Megan Fox took viewers deep into her mind in an interview for Sports Illustrated, revealing that she contends with body dysmorphia.
“I don’t ever see myself the way other people see me. There’s never a point in my life where I loved my body, never, ever,” the hyper-sexualized and perennially objectified screen actor said in a video for the Sports Illustrated Swimsuit 2023 issue, which features her among the four women on its covers.
“When I was little, that was an obsession I had of, like, ‘But I should look this way,’” the 37-year-old explained. “And why I had an awareness of my body that young I’m not sure, and it definitely wasn’t environmental because I grew up in a very religious [Pentecostal Christian] environment where bodies weren’t even acknowledged.”
The “Transformers” and “Johnny & Clyde” star added that “the journey of loving myself is going to be never-ending.”
The American Psychological Assn. defines body dysmorphia as “an extreme disparagement of some aspect of appearance that is not supported by the objective evidence.” There may be only a mild defect in the body feature or, in extreme cases, there may be no objective evidence of any malformation or oddity of appearance, the association says.
The issue is related to the more severe body dysmorphic disorder, which is characterized “by excessive preoccupation with an imagined defect in physical appearance or markedly excessive concern with a slight physical anomaly.” The Cleveland Clinic estimates that the disorder affects 2.4% of adults in the U.S. overall — about 2.5% of women and people assigned female at birth and about 2.2% of men and people assigned male at birth. The disorder also shares features with obsessive-compulsive disorder, but it is not what Fox described as dealing with in her interview.
Instead, the cover star noted that she has other flaws and mentioned one feature people have obsessed over: Her “kind of short” thumbs.
“I think I have tons of other flaws that are way more interesting than my thumbs,” she said, at one point adding that she wished people focused more on her metaphysical qualities, like her “rainbow aura.” She also hoped that her swimsuit cover portrait gives off “a healthy good girl” frequency rather than telegraphing her physical attributes.
“I hope that people take away — what I always hope they take away — is that I’m a thoughtful, articulate, deep person,” she said.
While headlines earlier this year have focused on Fox’s antics and on-off relationship with musician Machine Gun Kelly, the “Teenage Mutant Ninja Turtles” and “New Girl” star found positive aspects of her life to focus on in the sit-down. She continued to challenge dated misconceptions about her personal life and career and re-upped her appreciation for her 2009 horror-comedy “Jennifer’s Body,” in which she played a demonic, man-eating campus mean queen opposite Amanda Seyfried,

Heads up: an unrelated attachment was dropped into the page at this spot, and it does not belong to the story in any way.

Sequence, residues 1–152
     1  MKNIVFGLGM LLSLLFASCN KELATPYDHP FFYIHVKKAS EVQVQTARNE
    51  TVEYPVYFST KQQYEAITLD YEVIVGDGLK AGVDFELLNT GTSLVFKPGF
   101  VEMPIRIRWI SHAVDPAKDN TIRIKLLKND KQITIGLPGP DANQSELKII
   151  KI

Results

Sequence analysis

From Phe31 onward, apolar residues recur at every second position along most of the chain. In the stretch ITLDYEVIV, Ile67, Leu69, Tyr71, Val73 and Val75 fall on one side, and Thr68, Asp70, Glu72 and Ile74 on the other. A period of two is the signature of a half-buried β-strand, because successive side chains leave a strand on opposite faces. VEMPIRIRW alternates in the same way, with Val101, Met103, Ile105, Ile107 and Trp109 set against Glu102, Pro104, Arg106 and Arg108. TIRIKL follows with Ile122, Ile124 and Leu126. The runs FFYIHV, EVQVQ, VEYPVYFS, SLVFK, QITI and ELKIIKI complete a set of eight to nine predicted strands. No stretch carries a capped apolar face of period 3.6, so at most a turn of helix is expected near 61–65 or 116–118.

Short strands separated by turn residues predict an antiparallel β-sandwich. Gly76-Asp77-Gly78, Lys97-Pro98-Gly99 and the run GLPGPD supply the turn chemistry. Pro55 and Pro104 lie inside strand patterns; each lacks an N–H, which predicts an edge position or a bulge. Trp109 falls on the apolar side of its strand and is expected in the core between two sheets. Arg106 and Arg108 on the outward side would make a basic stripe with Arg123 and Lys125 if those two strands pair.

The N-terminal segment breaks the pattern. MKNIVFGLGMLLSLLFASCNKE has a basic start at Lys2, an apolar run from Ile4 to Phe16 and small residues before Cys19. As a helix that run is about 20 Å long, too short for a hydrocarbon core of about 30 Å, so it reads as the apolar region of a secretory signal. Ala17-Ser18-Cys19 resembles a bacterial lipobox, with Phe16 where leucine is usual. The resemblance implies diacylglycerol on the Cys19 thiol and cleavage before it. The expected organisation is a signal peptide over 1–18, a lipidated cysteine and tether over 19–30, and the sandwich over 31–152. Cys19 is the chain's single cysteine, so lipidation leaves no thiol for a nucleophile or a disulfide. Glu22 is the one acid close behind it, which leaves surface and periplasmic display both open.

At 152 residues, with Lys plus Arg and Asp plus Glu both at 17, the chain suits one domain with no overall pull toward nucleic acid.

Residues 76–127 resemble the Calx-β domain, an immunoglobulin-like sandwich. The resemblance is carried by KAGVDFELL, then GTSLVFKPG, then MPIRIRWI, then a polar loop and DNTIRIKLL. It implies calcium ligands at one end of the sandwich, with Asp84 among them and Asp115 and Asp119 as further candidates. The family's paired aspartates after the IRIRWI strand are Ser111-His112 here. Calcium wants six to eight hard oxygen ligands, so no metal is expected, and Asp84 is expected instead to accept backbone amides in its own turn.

“‘Jennifer’s Body’ is still my favorite project and probably always will be,” she said. “There’s just something about the timing of that. How it aligned with my public crucifixion that I was going through and my internal psychological breakdown. What the character went through was very much a metaphor for what I was going through in Hollywood and with media and with the world at large.”
She speaks, of course, of her public fallout with “Transformers” director Michael Bay after she likened his on-set style to that of Adolf Hitler, ultimately leading to her abrupt departure from the third installment of the blockbuster mega-bot franchise. She also referred to her whistle-blowing ahead of the 2017 #MeToo movement, saying that she was ahead of her time and is now no longer “giving my life away to people who don’t appreciate it.”
Striking a more positive note, the mother of three spoke proudly of parenting her children with ex-husband Brian Austin Green: Noah, 10, Bodhi, 8, and Journey, 6.
“The things I’m most proud of [have] to do with my children and the relationship that I have with them and the way that I raised them,” she said. “That’s one area of my life where I feel really comfortable because I know that I thrive there. I’ve excelled there. When I step back, I know how connected I am and have always been, and how present I’ve always been. And I see the reflection of the type of mother that I am in their eyes and in their behavior.”
As for what she’ll leave behind, the actor said that she doesn’t “know if I believe in legacy, per se.”
“Because when I’m dead, what timeline am I going to be in and will it matter? It won’t matter. So, I’m not someone who does things for legacy,” she said.
“I think that the greatest testament to something like that — to be considered a legacy — is I can’t tell you how many girls specifically come up to me and say, ‘You were the reason I realized I was gay,’ or ‘I realized I was bisexual.’ Or ‘You gave me the courage to tell my parents that I was gay.’ And that’s so much more gratifying than somebody coming up to me and being like ‘I love your movies’ or ‘you’re so talented.’ Having somebody tell me that I somehow had a part in giving them the courage to realize who they are is the best compliment that I can imagine.”
In the same issue, famed lifestyle expert Martha Stewart made history as the oldest swimsuit model to grace the cover of Sports Illustrated.